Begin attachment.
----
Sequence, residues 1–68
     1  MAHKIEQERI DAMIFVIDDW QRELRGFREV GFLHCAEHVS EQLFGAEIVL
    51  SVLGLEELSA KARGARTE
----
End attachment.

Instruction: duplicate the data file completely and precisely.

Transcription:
Sequence, residues 1–68
     1  MAHKIEQERI DAMIFVIDDW QRELRGFREV GFLHCAEHVS EQLFGAEIVL
    51  SVLGLEELSA KARGARTE